Thirty-eight District of Columbia police officers with injuiries leaving them too disabled to work on the street but too able-bodied to be allowed to retire, are each receiving about $20,000 a year in pay and benefits, including mandatory pay raises, to work as clerks in limited-duty office jobs.
In all, the city is paying the officers, who are derisively called "half cops" and "rubber guns" by their colleagues, a total of more than $760,000 -- an amount that is nearly twice as much as what low level civilian clerks could earn if they were hired at typical $11,000 salaries to do the same jobs, high-ranking police officials say.
The dilemma stems from the Police and Firemen's Retirement and Relief Board's reluctance to retire the officers because of abuses in recent years. Hundreds of police and firefighters have retired on pensions equaling two-thirds of their pay, claiming they had such injuries as trick knees or crippled trigger fingers.
A decade ago, nearly 98 percent of all D.C. police and fire retirees went out on disability claims at a cost of $12.4 million to the federal government. Last year, fewer than 5 percent of the retirees left the departments on disability claims, but total costs still tripled to more than $37 million to cover cost-of-living increases.
Armed now with a broad interpretation of the law, support from the courts and a mandate from Congress to trim the disability rolls or face the loss of a share of the federal funds paid into the retirement system, some officials say the city's retirement board has apprently overracted. The board has ruled that any officer who can do any useful and efficient work will not be allowed to retire. The D.C. Court of Appeals has generally upheld this interpretation.
As a result, "We now have $20,000-a-year police officers filing and typing," said Assistant Police Chief Marty M. Tapscott. One of the 38 men, who asked to remain anonymous, said he hides in an office when his back pain becomes too unbearable to work. He said he also takes prescribed drugs that sometimes cause hallucinations and sedate him to the point "I'm not even here mentally."
Other disabled officers on the rolls include:
Officer Jospeh P. Roache, an eight-year veteran, who was denied retirement and placed on limited duty two years ago suffering from epileptic-type seizures. He is a medical file clerk at the police and fire clinic being paid $21,000 to perform a $14,000 civilian job.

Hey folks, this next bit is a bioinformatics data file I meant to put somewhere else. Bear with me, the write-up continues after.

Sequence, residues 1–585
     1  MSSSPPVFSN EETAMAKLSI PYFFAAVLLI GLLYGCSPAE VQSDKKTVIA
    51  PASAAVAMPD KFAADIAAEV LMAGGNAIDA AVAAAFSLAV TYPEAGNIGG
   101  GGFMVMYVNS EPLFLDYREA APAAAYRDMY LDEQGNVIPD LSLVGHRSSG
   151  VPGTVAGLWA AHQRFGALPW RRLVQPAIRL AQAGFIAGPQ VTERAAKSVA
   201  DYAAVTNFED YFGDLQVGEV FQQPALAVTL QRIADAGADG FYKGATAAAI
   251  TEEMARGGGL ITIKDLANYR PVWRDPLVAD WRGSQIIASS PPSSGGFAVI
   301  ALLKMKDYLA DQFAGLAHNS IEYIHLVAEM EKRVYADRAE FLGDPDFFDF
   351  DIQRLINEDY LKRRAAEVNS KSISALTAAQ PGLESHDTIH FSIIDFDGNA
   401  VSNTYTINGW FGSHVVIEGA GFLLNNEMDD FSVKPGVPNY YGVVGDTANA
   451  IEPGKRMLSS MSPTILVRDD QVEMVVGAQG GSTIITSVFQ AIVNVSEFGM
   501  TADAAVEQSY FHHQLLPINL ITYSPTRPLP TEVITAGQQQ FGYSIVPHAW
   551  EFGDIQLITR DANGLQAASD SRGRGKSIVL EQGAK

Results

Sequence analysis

Officer Linwood Daniels, a 13-year veteran, placed on limited duty in January after he was shot in the hand. He is paid $21,000 to perform the work of a $10,000-a-year clerk.
Lt. Robert Poggi, a 14-year veteran, who was denied retirement and placed on limited duty in December. Physicians ruled he cannot perform "street duty, make arrests or climb stairs rapidly . . . sit for long hours during the day [or] lift anything heavy." He's paid $26,660 to hold a $10,000-a-year clerical job.
If the disabled officers are not soon removed from the police rolls, officials say the city will be forced to create permanent limited-duty jobs for them. No official job category now exists for such officers.
All 38 officers have been stripped of their police powers to make arrests, carry a gun or carry a badge, said Capt. Charles R. Bacon, deputy director of police personnel.
Most of the disabled police interviewed said they are unwilling workers locked into dead-end jobs that one man described as "involuntary servitude." Frustrated police officials said the size of the disabled force could easily swell into the hundreds.
Inspector Bobby J. Wallace, the police representative on the retirement board, said an immediate change is needed in the retirement compensation laws. Wallace said the current law allows maximum benefits for job-related injuries no matter how small they are. The board wants that changed to allow the pensions to match the degree of the injury, he said. Therefore a man with a 10 percent permanent disability would receive only 10 percent of his salary in pension benefits.
The board also has ordered about a dozen police officers and firemen who retired as long as 10 years ago to return to work after clinic doctors found they no longer had the disability that entitled them to retire.
As the conflict brews, police administrators bitterly contend that they don't want a force of permanent limited-duty officers like the one in New York City, which has 3,000 such police officers.
"We've been saying all along it's more cost-effective to retire the people. The pressure is enormous not to retire people on disability," said Isaac Fulwood, deputy chief of police for finance and management. "We can't become so dollar conscious we lose our common sense."